"Soul to Soul" is more than just a Stevie Ray tribute. Thanks to Leigh's extensive research, "Soul to Soul" is a valuable piece of rock and blues history, especially for those who have a weakness for the Texas connection and the "back to the blues roots" movement. Like any good bandleader, Leigh wants to make sure she introduces everybody on the stage. Her narratives of Stevie's encounters with his idols – Albert King, Buddy Guy, B.B. – and his misadventures with some of rock's icons – Eric Clapton, David Bowie, Jackson Browne, Bonnie Raitt, Mick Jagger and Lonnie Mack – are fascinating reading in themselves.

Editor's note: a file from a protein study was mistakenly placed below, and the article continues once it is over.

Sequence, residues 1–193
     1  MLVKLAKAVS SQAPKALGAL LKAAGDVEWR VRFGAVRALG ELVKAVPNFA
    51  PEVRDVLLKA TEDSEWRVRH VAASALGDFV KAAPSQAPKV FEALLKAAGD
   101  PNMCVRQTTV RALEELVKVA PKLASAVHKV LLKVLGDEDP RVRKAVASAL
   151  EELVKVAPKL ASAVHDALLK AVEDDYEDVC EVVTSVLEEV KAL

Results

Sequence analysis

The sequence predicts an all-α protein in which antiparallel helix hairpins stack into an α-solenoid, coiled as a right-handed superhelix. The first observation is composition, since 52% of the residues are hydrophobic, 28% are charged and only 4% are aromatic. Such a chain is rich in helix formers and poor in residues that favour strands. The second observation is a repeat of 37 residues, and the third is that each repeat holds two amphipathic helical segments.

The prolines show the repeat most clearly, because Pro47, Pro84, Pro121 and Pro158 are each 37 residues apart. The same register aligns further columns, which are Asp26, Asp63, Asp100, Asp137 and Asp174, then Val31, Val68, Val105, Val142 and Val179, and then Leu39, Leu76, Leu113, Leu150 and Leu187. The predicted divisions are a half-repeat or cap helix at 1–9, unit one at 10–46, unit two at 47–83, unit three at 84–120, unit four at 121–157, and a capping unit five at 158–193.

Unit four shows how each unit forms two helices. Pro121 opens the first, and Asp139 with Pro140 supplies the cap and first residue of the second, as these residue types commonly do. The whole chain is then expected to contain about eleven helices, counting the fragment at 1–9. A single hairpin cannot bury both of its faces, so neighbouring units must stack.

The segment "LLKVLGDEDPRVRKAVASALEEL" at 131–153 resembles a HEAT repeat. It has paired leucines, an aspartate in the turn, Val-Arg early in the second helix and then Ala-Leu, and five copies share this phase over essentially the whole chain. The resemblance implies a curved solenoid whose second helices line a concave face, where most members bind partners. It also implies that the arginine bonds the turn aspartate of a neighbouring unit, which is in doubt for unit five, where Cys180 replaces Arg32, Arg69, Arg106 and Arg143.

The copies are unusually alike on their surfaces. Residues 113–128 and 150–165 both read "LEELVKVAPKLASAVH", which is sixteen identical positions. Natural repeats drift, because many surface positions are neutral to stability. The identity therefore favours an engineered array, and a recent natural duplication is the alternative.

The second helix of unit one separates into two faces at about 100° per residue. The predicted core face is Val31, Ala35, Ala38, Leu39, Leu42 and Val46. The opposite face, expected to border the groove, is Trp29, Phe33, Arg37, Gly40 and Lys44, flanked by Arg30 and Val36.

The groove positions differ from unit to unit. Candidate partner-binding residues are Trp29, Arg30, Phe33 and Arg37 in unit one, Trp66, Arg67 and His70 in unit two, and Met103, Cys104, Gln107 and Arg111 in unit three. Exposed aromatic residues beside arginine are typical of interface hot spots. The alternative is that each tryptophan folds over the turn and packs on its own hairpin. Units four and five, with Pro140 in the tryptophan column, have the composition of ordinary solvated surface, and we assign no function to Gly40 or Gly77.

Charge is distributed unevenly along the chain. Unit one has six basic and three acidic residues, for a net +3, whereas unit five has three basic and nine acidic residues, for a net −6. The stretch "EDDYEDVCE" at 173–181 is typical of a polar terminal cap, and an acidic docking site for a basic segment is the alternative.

"Soul to Soul" has yet another treasure -– a mother lode of pictures and poster art. Stevie is documented well in the images – as rock guitar godhead who has won every battle and as the sweaty, human, un-posed blues man whose highest aspiration was to cop a good buzz and every lick Buddy Guy and Albert King ever thought about playing. I spent a lot of time studying the pictures. The cover shot by Johnnie Miles is a gem. Stevie leans on the body of his beloved "Number One" '59 Stratocaster (Yes, he maintained that the Strat was stamped "l959"). His chin rests on his powerful hands which drape over the chipped wood and steel that had borne the full force of his vision. He looks calmly into the lens, not mugging or trying to prove anything. "Soul to soul" says it well.